Modes are named collections of specific notes, usually played sequentially, that emphasize a certain root. The unordered collection of notes in a single scale can have multiple modes with different names, where each note in the scale is the root of a different mode. More
(See Diatonic Modes & Chords for a detailed explanation.)
For example C Ionian (Major) and C Mixolydian have the same root and share six notes (different parent scales), but differ by one note (F for the former, F# for the latter), or C Ionian (Major) and G Mixolydian, which have the same notes (the white keys on the keyboard) but a different root (C v. G).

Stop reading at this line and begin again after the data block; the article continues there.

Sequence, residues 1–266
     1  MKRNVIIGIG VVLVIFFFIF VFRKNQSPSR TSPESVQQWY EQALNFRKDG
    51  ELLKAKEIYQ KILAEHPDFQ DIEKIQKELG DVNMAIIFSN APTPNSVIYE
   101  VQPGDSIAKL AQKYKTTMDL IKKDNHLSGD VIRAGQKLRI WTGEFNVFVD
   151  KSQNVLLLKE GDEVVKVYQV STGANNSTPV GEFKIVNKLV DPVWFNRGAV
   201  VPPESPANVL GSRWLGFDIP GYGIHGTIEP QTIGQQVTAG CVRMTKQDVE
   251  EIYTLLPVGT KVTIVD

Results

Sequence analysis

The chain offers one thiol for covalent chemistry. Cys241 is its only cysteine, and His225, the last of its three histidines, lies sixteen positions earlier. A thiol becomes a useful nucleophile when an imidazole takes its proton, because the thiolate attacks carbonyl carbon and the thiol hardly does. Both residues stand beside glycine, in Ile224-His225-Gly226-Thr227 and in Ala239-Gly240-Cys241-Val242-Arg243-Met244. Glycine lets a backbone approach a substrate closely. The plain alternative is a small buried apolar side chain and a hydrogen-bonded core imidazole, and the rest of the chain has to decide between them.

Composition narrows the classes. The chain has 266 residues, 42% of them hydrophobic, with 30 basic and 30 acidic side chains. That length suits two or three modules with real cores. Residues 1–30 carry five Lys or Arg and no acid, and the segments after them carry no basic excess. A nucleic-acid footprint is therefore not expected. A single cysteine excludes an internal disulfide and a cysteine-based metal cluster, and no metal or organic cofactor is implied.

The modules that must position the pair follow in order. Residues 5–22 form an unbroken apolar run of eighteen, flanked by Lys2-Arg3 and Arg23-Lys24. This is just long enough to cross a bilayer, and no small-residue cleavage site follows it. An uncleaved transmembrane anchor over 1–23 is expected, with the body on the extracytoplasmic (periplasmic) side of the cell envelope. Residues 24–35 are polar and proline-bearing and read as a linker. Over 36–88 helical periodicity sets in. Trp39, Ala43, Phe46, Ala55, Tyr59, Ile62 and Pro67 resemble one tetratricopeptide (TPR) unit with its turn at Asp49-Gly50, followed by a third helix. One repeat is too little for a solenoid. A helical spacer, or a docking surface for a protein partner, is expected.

Jazz theory generalizes modes, allowing their notes to be played simultaneously, blurring the distinction between chord and scale. Groups of similar chords with the same root are collected into modes (said to be compatible, Levine 1995), so for example, the C Mixolydian mode is “played” vertically by voicing (or played over) either a C major triad, a C dominant seventh, or a C dominant ninth, etc.